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Causes of Ineffective Problem Solving

By Dean Gano
Out of every ten industry event reports I have read in the last ten
years, 7 or 8 tell a story while only 1 or 2 will be based on causes.
One out of ten will effectively define the problem. If causes are
given, most will be categorical in nature. Almost none will have
evidence or express the significance of the problem other than
categorically. I believe the primary causes of ineffective problem
solving to be rooted in three causal areas:

1. Incomplete Problem Definition


2. Causal Relationships Unknown
3. Categorical Thinking

Incomplete problem definition is caused by the false belief that it is


obvious, and the rush to find a solution. We are so solution oriented
that we fail to define the problem properly, focusing instead on our
favorite solutions. The belief that the problem is obvious is caused
by the false belief that everyone perceives the same thing; we don't
even come close.

Unknown causal relationships are caused by the failure to


understand the cause and effect principle, which is primarily caused
by the practice of story telling. A story is defined as communication
of one perception of an event by discussing people (who elements),
places (where elements), and things (what elements) as a function
of time (when elements). A story is characterized by very few why
elements or causes (usually no more that 3) and always starts in
the past. Stated causes are typically categorical causes like poor
management practices or human error.

My observations are that it doesn't matter which culture, country, or


education level we observe, we have a common human affliction of
“Causes of Ineffective Problem Solving”, Reasoning and Problem Analysis – December 1997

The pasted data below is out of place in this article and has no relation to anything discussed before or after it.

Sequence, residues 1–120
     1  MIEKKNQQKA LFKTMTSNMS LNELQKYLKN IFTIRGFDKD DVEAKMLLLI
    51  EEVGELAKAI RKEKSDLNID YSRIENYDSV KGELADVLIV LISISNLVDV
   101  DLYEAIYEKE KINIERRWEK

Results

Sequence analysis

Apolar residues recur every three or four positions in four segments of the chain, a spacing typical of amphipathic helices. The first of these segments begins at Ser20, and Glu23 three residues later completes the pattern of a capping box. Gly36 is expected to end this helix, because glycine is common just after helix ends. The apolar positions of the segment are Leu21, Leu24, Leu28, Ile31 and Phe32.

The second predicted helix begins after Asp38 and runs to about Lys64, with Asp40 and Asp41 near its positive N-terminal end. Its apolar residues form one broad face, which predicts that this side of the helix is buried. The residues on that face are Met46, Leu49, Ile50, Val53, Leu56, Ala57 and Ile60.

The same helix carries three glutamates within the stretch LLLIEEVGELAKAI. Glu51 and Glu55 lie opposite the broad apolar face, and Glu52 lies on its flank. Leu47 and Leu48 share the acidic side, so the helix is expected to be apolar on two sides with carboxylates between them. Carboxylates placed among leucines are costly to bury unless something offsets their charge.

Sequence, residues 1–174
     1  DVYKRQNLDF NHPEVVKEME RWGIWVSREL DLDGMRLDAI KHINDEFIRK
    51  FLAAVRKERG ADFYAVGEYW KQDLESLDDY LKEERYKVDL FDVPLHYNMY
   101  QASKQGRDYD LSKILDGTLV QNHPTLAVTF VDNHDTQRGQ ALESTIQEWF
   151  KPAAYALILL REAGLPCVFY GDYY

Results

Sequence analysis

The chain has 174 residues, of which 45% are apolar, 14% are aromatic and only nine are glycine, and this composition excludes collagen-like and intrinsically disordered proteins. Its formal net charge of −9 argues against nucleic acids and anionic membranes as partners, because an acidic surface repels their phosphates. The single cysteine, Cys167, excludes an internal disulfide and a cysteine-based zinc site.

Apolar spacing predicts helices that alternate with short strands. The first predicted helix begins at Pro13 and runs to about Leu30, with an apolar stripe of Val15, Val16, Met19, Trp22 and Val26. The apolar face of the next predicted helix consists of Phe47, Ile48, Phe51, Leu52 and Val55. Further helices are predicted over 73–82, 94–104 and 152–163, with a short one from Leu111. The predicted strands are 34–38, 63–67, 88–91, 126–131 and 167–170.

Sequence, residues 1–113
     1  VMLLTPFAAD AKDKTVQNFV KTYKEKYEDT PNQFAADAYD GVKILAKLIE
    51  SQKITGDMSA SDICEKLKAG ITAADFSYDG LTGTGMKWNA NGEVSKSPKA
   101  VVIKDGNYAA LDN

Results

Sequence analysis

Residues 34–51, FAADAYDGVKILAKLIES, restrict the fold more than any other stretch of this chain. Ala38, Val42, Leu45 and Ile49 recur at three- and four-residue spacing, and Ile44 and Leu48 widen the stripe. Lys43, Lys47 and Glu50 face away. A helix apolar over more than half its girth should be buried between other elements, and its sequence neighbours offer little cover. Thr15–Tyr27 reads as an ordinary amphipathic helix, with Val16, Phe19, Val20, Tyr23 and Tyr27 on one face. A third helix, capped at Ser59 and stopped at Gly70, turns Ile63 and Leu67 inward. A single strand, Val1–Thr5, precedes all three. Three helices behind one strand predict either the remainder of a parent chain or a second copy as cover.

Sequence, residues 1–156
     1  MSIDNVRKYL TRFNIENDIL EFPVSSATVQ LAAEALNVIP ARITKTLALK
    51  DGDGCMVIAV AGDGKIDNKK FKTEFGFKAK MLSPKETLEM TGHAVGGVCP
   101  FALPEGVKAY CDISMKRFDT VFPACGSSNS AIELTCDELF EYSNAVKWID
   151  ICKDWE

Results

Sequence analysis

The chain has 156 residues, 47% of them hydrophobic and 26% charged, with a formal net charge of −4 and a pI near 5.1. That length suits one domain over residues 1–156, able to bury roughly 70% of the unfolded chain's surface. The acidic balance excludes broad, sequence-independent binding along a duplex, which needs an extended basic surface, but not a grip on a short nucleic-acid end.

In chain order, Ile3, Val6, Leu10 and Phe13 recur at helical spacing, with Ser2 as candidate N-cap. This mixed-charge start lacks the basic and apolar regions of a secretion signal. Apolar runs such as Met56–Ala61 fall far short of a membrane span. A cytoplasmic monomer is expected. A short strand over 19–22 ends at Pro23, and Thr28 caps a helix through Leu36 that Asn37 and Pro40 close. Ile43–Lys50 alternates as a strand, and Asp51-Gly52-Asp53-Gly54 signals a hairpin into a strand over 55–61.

Copyright © 1996-98 Apollo Associated Services, Inc. All Rights Reserved.
Page 1 of 2
poor problem solving, and it is directly proportional to story telling.
The stronger the story-telling culture, the less effective we are at
problem solving.

Categorical thinking is a natural human affliction caused by the


mind's need to order what it perceives. While a natural process of
the mind, the problem comes when we fail to understand how
categorization also causes intellectual laziness. For example, the
notion of good and bad is categorical thinking at its most base level.
Instead of seeking to understand, we categorize something as good
or bad and stop there. Upon categorizing, we somehow believe we
have accomplished an understanding. With this illusion of
understanding we simply stop any questioning. In doing so, we
have effectively stopped any opportunity to learn. To overcome this
natural strategy, always go to your "Point of Ignorance." If we don't
end a line of questions with: "I don't know," then we haven't gone
far enough.

“Causes of Ineffective Problem Solving”, Reasoning and Problem Analysis – December 1997
Copyright © 1996-98 Apollo Associated Services, Inc. All Rights Reserved.
Page 2 of 2